CUED Publications database

Improving thermal comfort in refugee shelters in desert environments

Moran, F and Fosas, D and Coley, D and Natarajan, S and Orr, J and Ahmad, OB (2021) Improving thermal comfort in refugee shelters in desert environments. Energy for Sustainable Development, 61. pp. 28-45. ISSN 0973-0826

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Empirical studies have shown that internal temperatures in refugee shelters are impacting morbidity, and possibly mortality. Within a displacement setting, solutions are often constrained by time, cost, material availability and local requirements. This often results in “deemed suitable” designs rather than optimal solutions. In this study, we ask which route is most appropriate to optimise thermal comfort: prototyping design improvements, which requires time but may not require significant domain expertise, or thermal modelling, which can be quickly carried out if there is expertise. In a unique experiment, a laboratory of 12 shelters, built in a desert refugee camp, was adapted by the refugees themselves with variants to improve thermal comfort. Thermal modelling and field results were compared. Prototyping, though requiring additional time, was found to offer several advantages over modelling: (a) it gives a more visceral answer, in that the agency staff and refugees can experience the improvement - this could be important as most people might not be able to relate to a numeric statement about temperature; (b) the difficulty of constructing variants can be compared; (c) the financial and time costs are identified accurately. This suggests that such prototyping experiments have great utility, conferring substantial advantages over computer-based modelling. Significantly, we show that simple adaptations can improve conditions by up to 6 °C, and that the skills exist in camps to complete such improvements.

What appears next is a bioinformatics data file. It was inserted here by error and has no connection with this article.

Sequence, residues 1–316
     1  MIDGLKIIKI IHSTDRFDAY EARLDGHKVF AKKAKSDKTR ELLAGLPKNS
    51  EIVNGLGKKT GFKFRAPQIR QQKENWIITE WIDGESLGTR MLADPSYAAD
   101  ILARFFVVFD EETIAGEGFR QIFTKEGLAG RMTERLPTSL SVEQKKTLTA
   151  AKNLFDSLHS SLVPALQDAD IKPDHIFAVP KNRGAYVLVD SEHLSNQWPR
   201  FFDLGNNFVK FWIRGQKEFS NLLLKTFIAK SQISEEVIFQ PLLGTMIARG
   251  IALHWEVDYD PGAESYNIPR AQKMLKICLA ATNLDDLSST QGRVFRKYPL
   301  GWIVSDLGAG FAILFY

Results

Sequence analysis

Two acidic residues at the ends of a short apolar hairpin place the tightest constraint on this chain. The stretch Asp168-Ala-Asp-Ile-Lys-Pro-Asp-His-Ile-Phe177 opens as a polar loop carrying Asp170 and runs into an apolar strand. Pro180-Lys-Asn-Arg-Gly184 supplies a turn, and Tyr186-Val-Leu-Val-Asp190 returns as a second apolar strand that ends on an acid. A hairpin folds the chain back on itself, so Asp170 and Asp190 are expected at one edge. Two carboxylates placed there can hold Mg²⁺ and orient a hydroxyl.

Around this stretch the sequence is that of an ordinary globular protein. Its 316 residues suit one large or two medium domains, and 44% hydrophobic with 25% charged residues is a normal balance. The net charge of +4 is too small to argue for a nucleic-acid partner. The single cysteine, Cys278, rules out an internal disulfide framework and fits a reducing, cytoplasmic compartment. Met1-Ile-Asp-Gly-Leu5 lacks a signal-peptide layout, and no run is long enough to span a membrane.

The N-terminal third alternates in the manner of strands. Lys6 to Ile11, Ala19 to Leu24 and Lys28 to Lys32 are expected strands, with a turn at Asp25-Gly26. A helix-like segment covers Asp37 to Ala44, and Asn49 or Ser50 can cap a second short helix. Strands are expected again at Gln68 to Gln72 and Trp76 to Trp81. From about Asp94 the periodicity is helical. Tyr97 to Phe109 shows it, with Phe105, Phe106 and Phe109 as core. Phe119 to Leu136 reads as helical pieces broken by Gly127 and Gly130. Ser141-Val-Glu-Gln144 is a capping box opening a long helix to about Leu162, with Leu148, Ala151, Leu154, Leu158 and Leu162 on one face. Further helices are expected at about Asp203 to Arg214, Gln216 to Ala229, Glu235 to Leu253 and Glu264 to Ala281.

Item Type: Article
Divisions: Div D > Structures
Depositing User: Cron Job
Date Deposited: 30 Dec 2020 23:15
Last Modified: 10 Apr 2021 01:02
DOI: 10.1016/j.esd.2020.12.008